Exposure to onscreen smoking in movies in New Zealand accounts for greater fraction of smoking than in USA

Philip Gendall, Janet Hoek, Richard Edwards, and I just published "Effect of Exposure to Smoking in Movies on Young Adult Smoking in New Zealand" in PLOS One.  This paper showed that 18-25 year olds in New Zealand were affected by exposure to on-screen smoking just as youth around the world are, with people who saw more smoking being more likely to smoke.

Interestingly, the population attributable risk for smoking among the New Aealand young adults was 54%, higher than the 37% observed in the USA.  This is not surprising because traditional cigarette advertising is banned in New Zealand, so the movie smoking is competiting with fewer other pro-tobacco influences as the reason people start smoking. 

Here is the abstract:

Onscreen Smoking Is a Form of Tobacco Marketing

Tobacco advertising has been prohibited in New Zealand since 1990, and the government has set a goal of becoming a smokefree nation by 2025. However, tobacco marketing persists indirectly through smoking in motion pictures, and there is strong evidence that exposure to onscreen smoking causes young people to start smoking. We investigated the relationship between exposure to smoking in movies and youth smoking initiation among New Zealand young adults. Data from an online survey of 419 smokers and non-smokers aged 18 to 25 were used to estimate respondents’ exposure to smoking occurrences in 50 randomly-selected movies from the 423 US top box office movies released between 2008 and 2012.  Analyses involved calculating movie smoking exposure (MSE) for each respondent, using logistic regression to analyse the relationship between MSE and current smoking behaviour, and estimating the attributable fraction due to smoking in movies.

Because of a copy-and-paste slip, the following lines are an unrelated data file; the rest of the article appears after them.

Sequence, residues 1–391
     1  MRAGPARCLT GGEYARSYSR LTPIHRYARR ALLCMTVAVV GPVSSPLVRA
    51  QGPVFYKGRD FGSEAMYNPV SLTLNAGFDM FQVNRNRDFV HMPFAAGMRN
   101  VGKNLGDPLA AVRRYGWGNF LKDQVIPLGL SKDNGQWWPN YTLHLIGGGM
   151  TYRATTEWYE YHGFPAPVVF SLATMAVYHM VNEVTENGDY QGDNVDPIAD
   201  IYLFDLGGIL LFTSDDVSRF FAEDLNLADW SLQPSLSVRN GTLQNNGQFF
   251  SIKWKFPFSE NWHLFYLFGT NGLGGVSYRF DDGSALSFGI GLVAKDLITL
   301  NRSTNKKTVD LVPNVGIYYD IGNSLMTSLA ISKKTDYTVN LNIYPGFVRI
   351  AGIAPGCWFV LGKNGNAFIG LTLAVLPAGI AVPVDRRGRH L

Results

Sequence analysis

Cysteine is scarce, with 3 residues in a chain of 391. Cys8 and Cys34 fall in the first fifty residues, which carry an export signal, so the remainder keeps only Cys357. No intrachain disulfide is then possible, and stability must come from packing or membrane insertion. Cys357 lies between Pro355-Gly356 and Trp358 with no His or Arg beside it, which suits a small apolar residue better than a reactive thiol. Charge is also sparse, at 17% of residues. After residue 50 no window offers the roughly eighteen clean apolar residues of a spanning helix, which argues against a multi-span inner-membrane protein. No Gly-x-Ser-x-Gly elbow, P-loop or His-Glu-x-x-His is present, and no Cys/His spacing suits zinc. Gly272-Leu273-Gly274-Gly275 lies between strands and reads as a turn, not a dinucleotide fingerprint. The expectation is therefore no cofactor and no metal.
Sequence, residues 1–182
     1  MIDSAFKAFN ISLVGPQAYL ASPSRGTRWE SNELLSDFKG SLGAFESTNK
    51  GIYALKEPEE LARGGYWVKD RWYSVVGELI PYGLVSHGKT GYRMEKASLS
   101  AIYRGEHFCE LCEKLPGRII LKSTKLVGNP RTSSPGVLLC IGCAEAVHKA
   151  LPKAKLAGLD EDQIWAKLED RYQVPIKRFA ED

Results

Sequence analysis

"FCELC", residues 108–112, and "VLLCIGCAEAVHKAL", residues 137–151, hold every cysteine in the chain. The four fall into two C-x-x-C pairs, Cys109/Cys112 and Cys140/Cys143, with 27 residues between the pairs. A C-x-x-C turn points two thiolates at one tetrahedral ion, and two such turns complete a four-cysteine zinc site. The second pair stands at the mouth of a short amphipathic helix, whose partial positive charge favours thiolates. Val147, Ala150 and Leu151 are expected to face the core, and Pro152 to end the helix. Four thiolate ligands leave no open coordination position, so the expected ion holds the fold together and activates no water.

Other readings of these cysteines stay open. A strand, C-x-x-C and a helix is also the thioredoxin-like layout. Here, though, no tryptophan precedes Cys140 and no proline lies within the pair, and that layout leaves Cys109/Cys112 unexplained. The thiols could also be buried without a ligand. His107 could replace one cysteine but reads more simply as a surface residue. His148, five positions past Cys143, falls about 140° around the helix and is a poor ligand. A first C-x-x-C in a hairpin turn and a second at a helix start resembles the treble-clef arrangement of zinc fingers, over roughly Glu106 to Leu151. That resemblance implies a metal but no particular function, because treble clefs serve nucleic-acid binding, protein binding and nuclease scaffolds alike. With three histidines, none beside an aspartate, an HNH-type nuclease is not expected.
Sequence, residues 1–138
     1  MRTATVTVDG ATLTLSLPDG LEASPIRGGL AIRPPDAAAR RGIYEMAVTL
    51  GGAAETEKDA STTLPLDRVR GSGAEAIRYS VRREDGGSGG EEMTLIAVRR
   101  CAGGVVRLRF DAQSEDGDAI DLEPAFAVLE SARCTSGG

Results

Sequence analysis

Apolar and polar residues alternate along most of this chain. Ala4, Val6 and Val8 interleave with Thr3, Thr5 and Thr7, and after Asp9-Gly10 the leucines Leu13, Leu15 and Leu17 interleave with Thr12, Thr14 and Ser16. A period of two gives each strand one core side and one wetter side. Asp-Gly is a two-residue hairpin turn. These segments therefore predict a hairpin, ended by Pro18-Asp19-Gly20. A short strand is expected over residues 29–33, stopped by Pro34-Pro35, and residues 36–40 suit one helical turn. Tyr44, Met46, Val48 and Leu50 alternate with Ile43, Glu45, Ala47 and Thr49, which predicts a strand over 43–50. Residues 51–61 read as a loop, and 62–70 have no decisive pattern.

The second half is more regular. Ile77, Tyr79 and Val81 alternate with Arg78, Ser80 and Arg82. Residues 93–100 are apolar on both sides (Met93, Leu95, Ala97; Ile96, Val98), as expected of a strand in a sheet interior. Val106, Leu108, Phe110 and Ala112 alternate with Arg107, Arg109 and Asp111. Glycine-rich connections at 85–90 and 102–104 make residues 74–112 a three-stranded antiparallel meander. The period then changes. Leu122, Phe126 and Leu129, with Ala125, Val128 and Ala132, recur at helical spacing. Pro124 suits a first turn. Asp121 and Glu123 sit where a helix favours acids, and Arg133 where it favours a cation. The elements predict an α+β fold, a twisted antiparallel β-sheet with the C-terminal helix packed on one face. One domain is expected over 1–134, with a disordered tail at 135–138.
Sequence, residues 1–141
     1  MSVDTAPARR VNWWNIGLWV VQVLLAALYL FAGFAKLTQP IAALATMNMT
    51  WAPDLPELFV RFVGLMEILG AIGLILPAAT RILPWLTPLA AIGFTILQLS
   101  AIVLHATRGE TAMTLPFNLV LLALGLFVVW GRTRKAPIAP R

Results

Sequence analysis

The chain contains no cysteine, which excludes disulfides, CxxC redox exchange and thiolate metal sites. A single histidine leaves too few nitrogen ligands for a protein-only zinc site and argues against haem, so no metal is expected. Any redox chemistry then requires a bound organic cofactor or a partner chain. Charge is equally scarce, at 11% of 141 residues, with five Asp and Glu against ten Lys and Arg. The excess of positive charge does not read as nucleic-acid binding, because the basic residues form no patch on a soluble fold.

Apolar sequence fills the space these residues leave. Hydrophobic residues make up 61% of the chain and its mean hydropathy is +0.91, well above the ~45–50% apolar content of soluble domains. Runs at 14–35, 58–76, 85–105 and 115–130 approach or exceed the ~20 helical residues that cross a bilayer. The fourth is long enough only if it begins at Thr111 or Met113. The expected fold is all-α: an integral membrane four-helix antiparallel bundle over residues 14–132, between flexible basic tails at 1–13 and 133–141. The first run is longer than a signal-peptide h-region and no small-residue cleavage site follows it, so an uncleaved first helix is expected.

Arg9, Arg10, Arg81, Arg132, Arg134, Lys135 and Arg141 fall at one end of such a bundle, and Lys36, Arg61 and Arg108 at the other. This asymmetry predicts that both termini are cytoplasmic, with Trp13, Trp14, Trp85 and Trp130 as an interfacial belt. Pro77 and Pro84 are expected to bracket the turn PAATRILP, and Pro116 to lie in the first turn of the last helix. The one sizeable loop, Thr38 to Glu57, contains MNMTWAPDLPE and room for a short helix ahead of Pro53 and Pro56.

Effect of Smoking in Movies on New Zealand Youth

Exposure to smoking occurrences in movies was associated with current smoking status. After allowing for the influence of family, friends and co-workers, age and rebelliousness, respondents’ likelihood of smoking increased by 11% for every 100-incident increase in exposure to smoking incidents,  (aOR1.11; p< .05). The estimated attributable fraction due to smoking in movies was 54%; this risk could be substantially reduced by eliminating smoking from movies currently rated as appropriate for youth. We conclude that exposure to smoking in movies remains a potent risk factor associated with smoking among young adults, even in a progressive tobacco control setting such as New Zealand. Harmonising the age of legal tobacco purchase (18) with the age at which it it legal to view smoking in movies would support New Zealand’s smokefree 2025 goal.

The full paper is available for free here.